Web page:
The student of the New Testament should be primarily an historian. The centre and core of all the Bible is history. Everything else that the Bible contains is fitted into an historical framework and leads up to an historical climax. The Bible is primarily a record of events. That assertion will not pass unchallenged. The modern Church is impatie
ExcerptJ. Gresham Machen on Public Education
      Recognizing that "like it or not" we live in a society which is constitutionally committed to pluralism, J. Gresham Machen referred to public education as a necessary evil. As a Christian people, we must be committed to Christian Education. Yet state-run education in a pluralistic society cannot be specifically Christian (much less specifically ref
ArticleJesus & Paul
      The Apostle Paul is the greatest teacher of the Christian Church. True, he has not always been fully understood. The legalism that he combatted during his lifetime soon established itself among his converts, and finally celebrated a triumph in the formation of the Catholic Church. The keen edge of his dialectic was soon blunted. But however his ide
SermonLiberalism or Christianity?
      The attack upon the fundamentals of the Christian faith is not a matter merely of theological seminaries and universities. It is being carried on vigorously by Sunday School "lesson-helps," by the pulpit, and by the religious press. The remedy, therefore, is not to be found in the abolition of theological seminaries, or the abandonment of scientifi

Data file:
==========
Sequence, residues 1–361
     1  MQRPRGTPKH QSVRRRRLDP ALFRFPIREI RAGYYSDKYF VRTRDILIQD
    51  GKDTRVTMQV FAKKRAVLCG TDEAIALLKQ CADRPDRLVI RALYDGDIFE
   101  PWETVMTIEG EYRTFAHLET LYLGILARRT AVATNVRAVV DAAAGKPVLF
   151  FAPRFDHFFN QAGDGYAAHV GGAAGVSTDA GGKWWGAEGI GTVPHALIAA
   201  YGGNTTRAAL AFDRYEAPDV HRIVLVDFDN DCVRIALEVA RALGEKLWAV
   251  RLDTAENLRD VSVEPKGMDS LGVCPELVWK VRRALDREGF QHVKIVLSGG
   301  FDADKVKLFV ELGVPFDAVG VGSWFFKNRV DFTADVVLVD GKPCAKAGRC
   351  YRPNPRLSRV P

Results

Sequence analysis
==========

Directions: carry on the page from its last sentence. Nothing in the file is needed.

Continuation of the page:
ArticleNew Testament Greek: A Brief Introduction
      During the classical period, the Greek language was divided into a number of dialects, of which there were three great families--the Doric, the Aeolic, and the Ionic. In the fifth century before Christ, one branch of the Ionic family, the Attic, attained the supremacy, especially as the language of prose literature. The Attic dialect was the langua
On the Deity of Christ - Table of Contents
      WE have been talking about the great mystery of the Trinity. We have seen that according to the Bible there is but one God but that that one God is in three persons, the Father, the Son and the Holy Ghost. There are some places in the New Testament where all three persons of the Godhead are mentioned in the same verse. But much the more important o
InterviewTestimony before the House & Senate Committees on the Proposed Department of Education (1926)
      SENATOR PHIPPS: The committee will be in order. We will hear first from Dr. J. Gresham Machen, of Princeton Theological Seminary. DR. MACHEN: Mr. Chairman and gentlemen of the Committee, there are two reasons why a man may be opposed to a bill which is introduced in Congress. One reason is that he thinks it will not accomplish its purpose. The o
SermonThe Active Obedience of Christ